April 29, 2010

Dehydration and Joint Pain

Posted in Category : General Health

When your body lacks sufficient body fluids either by losing water excessively or by sweating too much or by urinating too often it leads to dehydration. If your body loses more fluids than the amount that you consume, you could be dehydrated. Dehydration can usually be remedied by drinking more fluids, preferably salt and sugar water that helps replace the lost electrolytes.

When your system has insufficient water, dehydration arises; this is usually due to an illness, not drinking enough water, or losing fluids from your body rapidly.

Diarrhea and Vomiting: Suffering from severe diarrhea could cause you to lose plenty of water and electrolytes in a reduced period of time. If you have been vomiting as well, it could lead to loss of more fluids and minerals from your system.

Excessive Sweating: Whenever you perspire, you lose water. Strenuous physical activities or severe heat and humidity could cause excessive sweating, resulting in dehydration.

Fever: When you have higher temperatures than normal, you tend to lose fluids more rapidly and get dehydrated.

Frequent Urination: This condition usually arises due to unmanageable diabetes mellitus as you tend to get thirsty more often, leading to increased urination. You could also be suffering from diabetes insipidus; in this case, your kidneys are incapable of conserving water. Taking certain medications could also cause you to sweat or urinate more frequently.

Excessive Alcohol Intake: Drinking excessive amounts of alcohol could lead to dehydration, if you do not replenish your body with water.


Here are a few symptoms that will give you a clue as to whether you are dehydrated or not.

  • Constipation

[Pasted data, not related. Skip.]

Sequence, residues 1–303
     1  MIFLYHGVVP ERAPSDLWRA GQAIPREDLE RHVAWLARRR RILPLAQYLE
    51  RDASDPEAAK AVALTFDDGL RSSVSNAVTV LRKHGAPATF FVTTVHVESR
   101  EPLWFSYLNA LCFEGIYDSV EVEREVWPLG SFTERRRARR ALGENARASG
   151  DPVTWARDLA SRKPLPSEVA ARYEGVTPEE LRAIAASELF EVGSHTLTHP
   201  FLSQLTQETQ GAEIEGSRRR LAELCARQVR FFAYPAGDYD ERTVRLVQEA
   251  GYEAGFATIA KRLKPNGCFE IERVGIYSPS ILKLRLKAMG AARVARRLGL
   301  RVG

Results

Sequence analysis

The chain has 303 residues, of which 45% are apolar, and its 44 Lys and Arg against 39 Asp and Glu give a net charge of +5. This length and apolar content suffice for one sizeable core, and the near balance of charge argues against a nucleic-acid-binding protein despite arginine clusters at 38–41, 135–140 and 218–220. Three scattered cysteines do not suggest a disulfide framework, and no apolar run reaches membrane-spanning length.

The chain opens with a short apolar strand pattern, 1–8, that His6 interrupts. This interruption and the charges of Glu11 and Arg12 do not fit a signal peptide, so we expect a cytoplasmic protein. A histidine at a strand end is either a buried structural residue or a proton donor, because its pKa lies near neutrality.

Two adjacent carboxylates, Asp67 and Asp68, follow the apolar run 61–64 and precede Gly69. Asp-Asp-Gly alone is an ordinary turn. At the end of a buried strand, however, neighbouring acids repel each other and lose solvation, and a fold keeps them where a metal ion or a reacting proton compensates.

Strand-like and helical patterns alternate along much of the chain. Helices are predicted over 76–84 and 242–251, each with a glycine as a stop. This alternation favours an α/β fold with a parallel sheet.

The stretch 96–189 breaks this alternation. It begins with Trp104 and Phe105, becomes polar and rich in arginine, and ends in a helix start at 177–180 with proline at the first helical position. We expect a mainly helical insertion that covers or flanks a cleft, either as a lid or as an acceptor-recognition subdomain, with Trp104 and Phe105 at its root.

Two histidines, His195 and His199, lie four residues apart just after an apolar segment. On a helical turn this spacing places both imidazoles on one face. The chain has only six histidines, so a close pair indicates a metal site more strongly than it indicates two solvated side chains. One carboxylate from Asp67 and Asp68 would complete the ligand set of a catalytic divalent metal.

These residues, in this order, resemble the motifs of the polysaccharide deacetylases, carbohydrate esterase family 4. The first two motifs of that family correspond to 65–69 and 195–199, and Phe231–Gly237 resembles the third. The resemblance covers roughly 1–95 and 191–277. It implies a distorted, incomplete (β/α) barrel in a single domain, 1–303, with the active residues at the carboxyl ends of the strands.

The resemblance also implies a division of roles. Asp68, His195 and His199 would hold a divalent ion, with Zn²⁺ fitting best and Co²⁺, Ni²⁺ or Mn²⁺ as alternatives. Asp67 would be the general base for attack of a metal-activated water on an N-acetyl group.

• Decreased urine output
  • Dizziness or light headedness
  • Dry, sticky mouth and mucous membranes
  • Dry skin
  • Extreme thirst
  • Few or no tears, while crying
  • Fussiness, irritability and confusion
  • Headache
  • Increased thirst
  • Lack of sweating
  • Low blood pressure
  • Rapid breathing
  • Sleepiness or lethargy
  • Tachycardia or increased heartbeat

In most cases, people do not drink the recommended 8 to 10 glasses of water a day and could get dehydrated mildly.

Dehydration and joint pain are related as when your body lacks sufficient water, it tends to affect various systems in the body, including your joints. Long-term symptoms of dehydration include headaches, exhaustion, and muscle pain. The best way to get rid of any muscle pain or any other symptom that you are suffering from is to figure out how much water is required by your body and make sure that you consume that amount daily. The body is heavily dependent on water to preserve proper bodily functions.

Side Effects

If you ignore symptoms of dehydration, there could be severe side effects and consequences including coma and death, heat injury, kidney failure, low blood volume shock (hypovolemic shock), seizures or swelling of the brain also known as cerebral edema.

Coma and Death: This is the most extreme and rare side effects, but if ignored, severe cases of dehydration could lead to a state of coma or even death.

Heat Injury: When you are working out and sweating profusely and if you don’t drink sufficient fluids, you could get a heat injury, which could be heat cramps, heat exhaustion, or a heat stroke.

Kidney Failure: You could face renal failure when your kidneys are not functioning properly and are unable to get rid of waste and excess fluids from your body.

Low Blood Volume Shock: This is one of the more serious side effects of dehydration and could be life threatening at times. It occurs when the blood volume in your body is reduced, leading to a dip in your blood pressure and the quantity of oxygen in your system.

Seizures: When there is an electrolyte imbalance in your body, it can cause involuntary muscle spasms and lead to blackouts.

Swelling of the Brain: When your body gets dehydrated, it tries to retain some of the water lost and could pull back excess waters into cells, which will swell and rupture. If the water cells affect the brain cells, it could be fatal.


  1. http://www.ncbi.nlm.nih.gov/pubmedhealth/PMH0001977/
  2. http://www.nlm.nih.gov/medlineplus/ency/article/000982.htm